Sandford Orleigh House

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George Templer was a local landowner and entrepreneur whoes family had owned the Stover estate, Haytor granite quarries and tramway, and Stover Canal. He was the grandson of James Templer who constructed Stover House (now a school). George built Sandford Orleigh on the road from Newton Abbot to Bovey Tracey, in the 1830s after his marriage to Charlotte Elizabeth Kennaway, daughter to Sir John Kennaway. The site commanded a view of the River Teign estuary on one side, and to Haytor on the other - and encompassed the triumphs of George's past. In fitting out his home, George Templer had his collection of carvings made into an enormous overmantel – a chimney/mantelpiece surrounding a fireplace.

Following the death of George Templer in 1844, there was a second auction and the overmantle remained in the house, either failing to sell, or bought by John Ingle, the new owner, a merchant and ship owner.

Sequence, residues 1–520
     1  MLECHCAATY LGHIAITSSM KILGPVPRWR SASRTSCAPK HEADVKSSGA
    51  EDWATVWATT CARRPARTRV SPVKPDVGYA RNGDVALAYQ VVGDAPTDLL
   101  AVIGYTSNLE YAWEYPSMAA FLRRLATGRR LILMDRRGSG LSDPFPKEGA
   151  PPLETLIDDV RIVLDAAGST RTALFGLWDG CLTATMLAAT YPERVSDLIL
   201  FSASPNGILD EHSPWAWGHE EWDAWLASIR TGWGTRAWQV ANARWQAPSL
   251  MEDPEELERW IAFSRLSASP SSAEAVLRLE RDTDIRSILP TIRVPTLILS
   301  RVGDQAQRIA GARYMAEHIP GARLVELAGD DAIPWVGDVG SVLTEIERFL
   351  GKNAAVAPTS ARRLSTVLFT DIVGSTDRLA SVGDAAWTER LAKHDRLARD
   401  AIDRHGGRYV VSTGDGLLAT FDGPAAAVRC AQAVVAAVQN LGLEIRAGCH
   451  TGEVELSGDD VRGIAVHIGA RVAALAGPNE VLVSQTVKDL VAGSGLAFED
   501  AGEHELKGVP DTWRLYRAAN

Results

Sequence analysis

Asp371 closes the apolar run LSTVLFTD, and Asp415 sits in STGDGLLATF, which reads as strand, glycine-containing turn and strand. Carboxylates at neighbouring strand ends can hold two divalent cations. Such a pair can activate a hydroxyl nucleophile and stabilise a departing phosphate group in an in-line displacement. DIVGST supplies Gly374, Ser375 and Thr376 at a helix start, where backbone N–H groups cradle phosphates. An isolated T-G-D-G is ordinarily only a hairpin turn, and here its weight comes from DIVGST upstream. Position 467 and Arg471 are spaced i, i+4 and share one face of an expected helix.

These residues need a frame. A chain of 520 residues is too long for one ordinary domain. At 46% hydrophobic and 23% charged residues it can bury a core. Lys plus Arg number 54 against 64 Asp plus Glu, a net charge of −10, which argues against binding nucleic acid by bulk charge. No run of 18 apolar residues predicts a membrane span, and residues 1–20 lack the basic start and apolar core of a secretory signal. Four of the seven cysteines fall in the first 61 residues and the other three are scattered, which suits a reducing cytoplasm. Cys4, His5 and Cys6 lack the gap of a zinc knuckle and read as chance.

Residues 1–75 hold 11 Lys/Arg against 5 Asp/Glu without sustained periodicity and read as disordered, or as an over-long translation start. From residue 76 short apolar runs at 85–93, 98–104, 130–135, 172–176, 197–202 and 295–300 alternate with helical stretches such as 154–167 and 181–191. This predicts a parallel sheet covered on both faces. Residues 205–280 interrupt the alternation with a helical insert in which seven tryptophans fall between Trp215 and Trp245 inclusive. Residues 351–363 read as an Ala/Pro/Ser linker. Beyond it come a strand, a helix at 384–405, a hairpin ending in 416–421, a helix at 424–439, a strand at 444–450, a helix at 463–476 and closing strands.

Sir Samuel Baker and his wife Florence, Victorian African explorers, came to live at sandford Orleigh in retirement  in 1874 and became the owners of Sandford Orleigh.   They had many famous visitors.

Later in its life the house became a School and a Hotel until it was sold and bought by a developer who converted the house into apartments.

In the process of conversion, the overmantel was damaged and removed to storage - for 10 years. New owners of the apartment,  Messers Scott-Morgan, donated the carvings back to the town. Museum. The Newton Abbot Town and Great Western Railway Museum, with the support of The Town Council, took on the challenge to restore the carved screens and surrounds, and the Heart of Oak Project was born.